Second, and more important, the retrieval of data across multiple tables may be an unnecessary hassle. If you are always going to show the customerís phone and fax number, retrieving those records out of another table is an unnecessary and will hurt your performance. The way Access is designed, it is much easier to just pick the fields from the Customer table rather than using a separate query or sub-report to grab each telephone type separately.
It is very important to remember there are situations where you must store what seems like duplicate data. This is most often related to the passage of time and the need to preserve what happened. The typical case is an order entry form where you have an Invoice table linked to Customer and LineItem tables. Each record in the LineItem table is linked to a Product lookup table containing product descriptions and pricing. The LineItem table stores a ProductID to designate which product was purchased.
However, this is not sufficient. The LineItem table must also store the Price and Description at the time of the order. Over time, prices and descriptions in the Product table often change. If it is not preserved in the LineItem table, you will be unable to view or print the original invoice, which could be a disaster (you would actually show the current description and price). Therefore, during data entry, when a Product is selected, you also need to retrieve the Price and Description to fill in those fields in the LineItem table. The customer information may also change, but thatís actually good since we want the latest customer address to appear.
Above, we show examples of non-normalized and normalized tables. How do you get from one to the other? You could manually run queries, but that would be very cumbersome. A simple solution is to use Excelís Transpose feature. In Excel, just highlight the data to transpose, copy it, then select Edit | Paste Special and select the Transpose option.
Within Access, the solution requires some code:
Public Function TransposeData() Const cstrInputTable = "tblFederalBudgetNon-Normalized" Const cstrOutputTable As String = "tblFederalBudget" Dim dbs As DAO.Database Dim rstInput As DAO.Recordset Dim rstOutput As DAO.Recordset Dim intYear As Integer Set dbs = CurrentDb Set rstInput = dbs.OpenRecordset(cstrInputTable) Set rstOutput = dbs.OpenRecordset(cstrOutputTable) If Not rstInput.EOF Then ' For each column in the Input table, create a record in the output table For intYear = 1990 To 2011 rstInput.MoveFirst rstOutput.AddNew rstOutput![Year] = intYear ' Go through every record in the Input table Do rstOutput(rstInput![Data Type]) = rstInput(CStr(intYear)) rstInput.MoveNext Loop Until rstInput.EOF rstOutput.Update Next intYear End If rstInput.Close rstOutput.Close dbs.Close MsgBox "Data Successfully Transformed" DoCmd.OpenTable cstrOutputTable End Function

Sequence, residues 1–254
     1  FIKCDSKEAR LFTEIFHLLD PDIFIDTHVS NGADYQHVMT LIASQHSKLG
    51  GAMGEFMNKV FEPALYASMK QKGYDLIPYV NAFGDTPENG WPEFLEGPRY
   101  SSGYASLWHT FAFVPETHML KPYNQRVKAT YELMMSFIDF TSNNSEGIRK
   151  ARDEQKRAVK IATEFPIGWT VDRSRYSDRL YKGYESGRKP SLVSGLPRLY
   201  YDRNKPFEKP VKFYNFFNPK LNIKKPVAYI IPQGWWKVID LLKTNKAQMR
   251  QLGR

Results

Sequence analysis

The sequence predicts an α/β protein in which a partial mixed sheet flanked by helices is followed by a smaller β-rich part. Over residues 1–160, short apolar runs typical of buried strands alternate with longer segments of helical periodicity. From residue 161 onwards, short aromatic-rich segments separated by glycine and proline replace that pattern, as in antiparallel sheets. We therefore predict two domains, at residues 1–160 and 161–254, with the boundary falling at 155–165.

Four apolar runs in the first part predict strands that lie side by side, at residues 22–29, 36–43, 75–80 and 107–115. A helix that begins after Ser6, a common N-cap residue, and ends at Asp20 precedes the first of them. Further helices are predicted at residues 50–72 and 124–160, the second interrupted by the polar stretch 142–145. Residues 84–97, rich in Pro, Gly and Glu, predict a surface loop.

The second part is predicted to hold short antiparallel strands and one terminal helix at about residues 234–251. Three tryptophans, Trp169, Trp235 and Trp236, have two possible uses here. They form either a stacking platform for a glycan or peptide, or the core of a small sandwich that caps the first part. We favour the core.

In the TransposeData procedure, we basically go down each year in the original table (tblFederalBudgetNon-Normalized) and create a new record in the target table (tblFederal Budget). Since we know the column names are years, we use a For..Next loop to step through each year to transpose. The fields in the target table correspond to the value in the original tableís [Data Type] field.
A more general procedure that deals with different field names between the original and target tables is included in the sample database that accompanies this article.
With the routine above and in the sample database, you should be able to transpose your spreadsheet like data table into a database friendly format. Data transpose/normalization is also a feature in our Total Access Statistics program: Data Normalization (Transpose) with Total Access Statistics that supports a variety of options without any programming.
Not sure about the differences between Microsoft Access and Excel, and the strengths and weaknesses between them? Check out Microsoft Access versus Microsoft Excel for Data Analysis and Reporting (Spreadsheets vs. Databases).
By normalizing your data, youíll establish a solid foundation for your database development efforts. Data normalization not only makes your data be more accurate, it makes it easier to analyze, and more importantly, maintain and expand over time. For more information on data normalization, read our paper Microsoft Access and SQL Server Database Normalization Tips.
You should also make sure you use a split database architecture so you can support multiuser environments in a more maintainable and scalable manner. Read our paper on Splitting Microsoft Access Databases to Improve Performance and Simplify Maintainability for more details.
Luke Chung is the president and founder of FMS, Inc., a database consulting firm and the leading developer of Microsoft Access add-in products. He is the designer and co-author of several Access add-ins including Total Access Analyzer, Total Visual CodeTools, Total Access Detective, Total Access Emailer, Total Visual SourceBook, Total Access Statistics. He has spoken at a variety of conferences and user groups across North America, Australia, and Europe.
Copyright ©FMS Inc. All rights reserved. This information may not be republished, reprinted or retransmitted in any form without the express written permission of FMS Inc. The information provided in this document is provided "as is" without warranty of any kind.